Hopkinsville, 100 years ago
The following paragraphs about Hopkinsville, Kentucky, were written 100 years ago for the Handbook of Kentucky ("The Seventeenth Biennial Report of the Bureau of Agriculture").
I've added some relevant photos from past Prairie Bluestem posts. The notes below each photo are linked to the post the photo originally came from.
It's interesting to think how advanced Hopkinsville was in 1907, when many homesteaders of the Great Plains were still proving up on the land they obtained through the 1904 Kincaid Act.
Revised 1907 by Chas. M. Meacham, Mayor
Hopkinsville, the county seat of Christian County, KY, is two hours travel by Louisville & Nashville railroad from Evansville Ind., and Nashville, Tenn., and seven hours from Louisville.
The Louisville & Nashville and Illinois Central railroads intersect here, traversing the best coal, grain and tobacco lands in western Kentucky.
The white graded schools, three buildings, have 1400 pupils; colored public schools, 1300 pupils. Two flourishing colleges, Bethel Female, for young ladies and South Kentucky, for both sexes, and other private schools and also a college for colored people. There are ten white and seven colored churches, representing the leading denominations.
Hopkinsville has one national, three State and one savings bank; capital, $380,000, deposits July 1, $1,800,000. Seven tobacco warehouses, four stemmeries and rehandling houses, branch factories of two of the largest tobacco companies in the world; wagon factory, lawn swing factory, three cigar factories, and one canning factory.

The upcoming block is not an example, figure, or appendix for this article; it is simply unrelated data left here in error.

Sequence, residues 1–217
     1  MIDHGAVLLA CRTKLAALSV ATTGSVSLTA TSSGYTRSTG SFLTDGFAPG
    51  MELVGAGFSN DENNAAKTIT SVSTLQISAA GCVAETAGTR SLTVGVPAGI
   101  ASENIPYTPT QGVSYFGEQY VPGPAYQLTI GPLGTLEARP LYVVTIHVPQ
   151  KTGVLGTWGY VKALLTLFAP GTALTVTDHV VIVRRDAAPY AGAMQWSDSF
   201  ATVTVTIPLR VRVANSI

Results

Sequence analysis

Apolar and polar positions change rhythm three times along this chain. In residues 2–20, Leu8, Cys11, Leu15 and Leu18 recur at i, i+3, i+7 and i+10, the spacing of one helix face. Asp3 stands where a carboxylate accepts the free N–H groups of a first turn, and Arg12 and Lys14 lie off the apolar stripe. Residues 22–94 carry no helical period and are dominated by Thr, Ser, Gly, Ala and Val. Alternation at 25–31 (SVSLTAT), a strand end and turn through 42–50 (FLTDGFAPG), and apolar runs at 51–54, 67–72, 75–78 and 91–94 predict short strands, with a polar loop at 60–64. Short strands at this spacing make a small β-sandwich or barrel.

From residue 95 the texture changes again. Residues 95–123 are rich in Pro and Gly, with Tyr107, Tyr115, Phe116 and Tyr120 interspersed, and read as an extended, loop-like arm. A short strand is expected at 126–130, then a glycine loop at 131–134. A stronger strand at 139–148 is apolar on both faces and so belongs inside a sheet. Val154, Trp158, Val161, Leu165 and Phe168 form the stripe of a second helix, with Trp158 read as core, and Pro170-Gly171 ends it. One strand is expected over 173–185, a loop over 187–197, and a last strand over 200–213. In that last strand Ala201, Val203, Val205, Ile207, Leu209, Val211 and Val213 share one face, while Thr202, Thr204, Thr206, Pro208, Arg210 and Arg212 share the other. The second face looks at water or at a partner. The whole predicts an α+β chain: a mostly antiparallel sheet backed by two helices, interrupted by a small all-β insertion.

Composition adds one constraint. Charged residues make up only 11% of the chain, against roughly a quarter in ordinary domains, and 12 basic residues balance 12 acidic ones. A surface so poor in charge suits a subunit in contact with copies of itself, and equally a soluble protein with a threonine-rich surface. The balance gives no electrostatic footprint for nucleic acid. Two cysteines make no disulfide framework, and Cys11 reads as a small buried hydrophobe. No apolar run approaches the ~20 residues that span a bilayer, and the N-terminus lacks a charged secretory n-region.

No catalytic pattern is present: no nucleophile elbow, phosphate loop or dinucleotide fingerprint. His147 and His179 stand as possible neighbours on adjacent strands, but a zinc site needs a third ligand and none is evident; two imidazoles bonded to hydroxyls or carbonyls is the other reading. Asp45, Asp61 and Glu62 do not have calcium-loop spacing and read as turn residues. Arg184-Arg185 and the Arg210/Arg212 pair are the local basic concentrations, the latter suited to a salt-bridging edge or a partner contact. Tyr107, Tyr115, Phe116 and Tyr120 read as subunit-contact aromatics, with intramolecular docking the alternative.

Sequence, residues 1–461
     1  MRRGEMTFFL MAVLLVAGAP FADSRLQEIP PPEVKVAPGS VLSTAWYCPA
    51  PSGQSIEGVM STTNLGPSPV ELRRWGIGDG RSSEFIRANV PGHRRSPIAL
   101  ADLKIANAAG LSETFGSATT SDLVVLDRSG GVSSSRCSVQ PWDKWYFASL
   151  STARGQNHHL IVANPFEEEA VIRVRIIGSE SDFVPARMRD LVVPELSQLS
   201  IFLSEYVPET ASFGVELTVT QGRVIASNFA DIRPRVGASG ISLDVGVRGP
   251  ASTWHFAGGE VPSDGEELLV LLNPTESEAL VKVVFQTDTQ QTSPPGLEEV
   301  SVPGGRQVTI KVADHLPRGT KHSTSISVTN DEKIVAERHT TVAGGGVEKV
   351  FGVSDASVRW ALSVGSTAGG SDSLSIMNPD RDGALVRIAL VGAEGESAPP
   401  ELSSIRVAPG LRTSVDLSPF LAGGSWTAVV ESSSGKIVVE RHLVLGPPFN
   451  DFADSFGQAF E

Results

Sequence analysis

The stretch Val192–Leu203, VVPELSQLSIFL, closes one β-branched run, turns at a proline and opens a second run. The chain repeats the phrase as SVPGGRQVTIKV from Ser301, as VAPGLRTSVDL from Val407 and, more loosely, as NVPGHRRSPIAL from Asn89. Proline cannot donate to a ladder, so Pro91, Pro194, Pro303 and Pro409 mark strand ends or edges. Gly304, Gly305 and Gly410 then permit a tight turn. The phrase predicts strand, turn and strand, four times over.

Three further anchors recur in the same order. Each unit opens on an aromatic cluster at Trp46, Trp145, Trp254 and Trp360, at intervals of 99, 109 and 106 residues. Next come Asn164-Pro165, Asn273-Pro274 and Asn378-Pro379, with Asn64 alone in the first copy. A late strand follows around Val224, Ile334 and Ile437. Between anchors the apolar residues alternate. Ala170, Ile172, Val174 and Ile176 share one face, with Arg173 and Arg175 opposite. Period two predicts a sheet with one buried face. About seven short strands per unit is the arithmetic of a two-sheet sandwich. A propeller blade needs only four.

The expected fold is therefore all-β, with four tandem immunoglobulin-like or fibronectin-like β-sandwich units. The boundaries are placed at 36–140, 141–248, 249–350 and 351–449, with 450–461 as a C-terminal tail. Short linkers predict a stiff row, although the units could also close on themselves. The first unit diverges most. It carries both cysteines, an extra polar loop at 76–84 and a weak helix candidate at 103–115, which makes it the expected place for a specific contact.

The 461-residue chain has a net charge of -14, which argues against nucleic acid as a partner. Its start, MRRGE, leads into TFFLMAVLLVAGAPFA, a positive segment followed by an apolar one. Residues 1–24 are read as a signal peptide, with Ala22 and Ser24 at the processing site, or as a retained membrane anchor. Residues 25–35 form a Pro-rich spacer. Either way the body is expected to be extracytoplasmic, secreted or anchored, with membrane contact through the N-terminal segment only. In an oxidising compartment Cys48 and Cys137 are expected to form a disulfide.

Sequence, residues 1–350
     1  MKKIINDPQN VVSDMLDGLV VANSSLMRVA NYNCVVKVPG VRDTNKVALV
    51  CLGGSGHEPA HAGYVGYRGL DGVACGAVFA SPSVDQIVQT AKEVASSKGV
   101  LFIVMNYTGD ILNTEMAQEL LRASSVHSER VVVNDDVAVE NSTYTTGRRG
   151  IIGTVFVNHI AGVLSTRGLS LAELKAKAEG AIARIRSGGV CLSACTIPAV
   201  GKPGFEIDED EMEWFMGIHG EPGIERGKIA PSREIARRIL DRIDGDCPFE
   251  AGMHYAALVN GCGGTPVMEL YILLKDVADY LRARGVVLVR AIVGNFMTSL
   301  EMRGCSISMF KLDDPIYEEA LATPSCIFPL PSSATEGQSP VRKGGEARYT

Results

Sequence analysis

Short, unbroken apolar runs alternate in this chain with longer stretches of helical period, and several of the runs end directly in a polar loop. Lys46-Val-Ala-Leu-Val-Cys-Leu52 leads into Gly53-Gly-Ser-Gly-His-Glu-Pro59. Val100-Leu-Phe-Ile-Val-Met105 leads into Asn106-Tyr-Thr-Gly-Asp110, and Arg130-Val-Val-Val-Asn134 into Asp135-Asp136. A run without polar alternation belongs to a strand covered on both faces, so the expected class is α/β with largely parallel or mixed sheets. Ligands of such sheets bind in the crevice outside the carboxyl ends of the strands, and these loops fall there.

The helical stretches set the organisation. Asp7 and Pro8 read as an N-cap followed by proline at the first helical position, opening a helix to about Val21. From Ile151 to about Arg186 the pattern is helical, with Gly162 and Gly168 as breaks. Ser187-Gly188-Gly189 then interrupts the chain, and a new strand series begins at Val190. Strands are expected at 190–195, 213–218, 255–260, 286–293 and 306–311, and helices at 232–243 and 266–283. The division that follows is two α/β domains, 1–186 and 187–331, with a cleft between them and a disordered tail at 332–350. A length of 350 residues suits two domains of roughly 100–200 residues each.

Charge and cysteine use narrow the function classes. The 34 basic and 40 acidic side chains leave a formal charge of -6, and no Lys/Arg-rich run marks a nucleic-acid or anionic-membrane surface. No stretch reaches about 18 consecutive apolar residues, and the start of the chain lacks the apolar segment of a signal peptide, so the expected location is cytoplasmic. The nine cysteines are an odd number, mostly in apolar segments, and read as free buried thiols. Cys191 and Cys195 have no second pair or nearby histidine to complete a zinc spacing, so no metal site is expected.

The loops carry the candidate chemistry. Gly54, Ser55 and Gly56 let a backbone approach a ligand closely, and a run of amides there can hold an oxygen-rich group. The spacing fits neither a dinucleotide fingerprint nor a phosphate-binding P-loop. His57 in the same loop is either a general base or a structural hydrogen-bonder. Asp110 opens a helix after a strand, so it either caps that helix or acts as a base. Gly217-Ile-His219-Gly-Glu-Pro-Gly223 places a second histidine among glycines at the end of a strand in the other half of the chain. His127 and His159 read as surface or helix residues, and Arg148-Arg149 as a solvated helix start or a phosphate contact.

We have a handsome opera house and a brick tabernacle for large gatherings, seating 5,000 people.
Hopkinsville has water works, gas works, electric lights and an automatic alarm system, the best in the State. The waterworks for fire, by pressure, throws two streams 100 feet. We have also a wagon, two ice, brick and lime factories, large planing mill, four merchant flouring mills turning out 2000 barrels a day, a steam laundry and dye works and two telephone exchanges.
The hotels are excellent and unsurpassed anywhere in the State. We have prosperous home building and loan associations, six newspapers and the handsomest business houses in Western Kentucky.
Western Asylum for the Insane, with a population of 1,300, is located within one mile of the city and spends $150,000 annually.
A belt line railway has just been completed through the manufacturing district.
The dry goods and grocery trade amounts to $250,000 annually.
The city is famous for culture, good order and healthfulness. New manufactories are free from city taxes for five years. There are over twenty miles of excellent macadamized streets, 110 miles of free turnpikes, extending into fine farming sections, and at least eight miles of sewerage system.
Source: Handbook of Kentucky by Hubert Vreeland, Kentucky Bureau of Agriculture, Labor and Statistics. Published in 1908 by the Globe Printing Company of Louisville, KY.
More About Mogul Wagons
Signs of Days Goneby
Peace Park in Hopkinsville
Prejudice and Segregation
Also check the "Local history" tag below.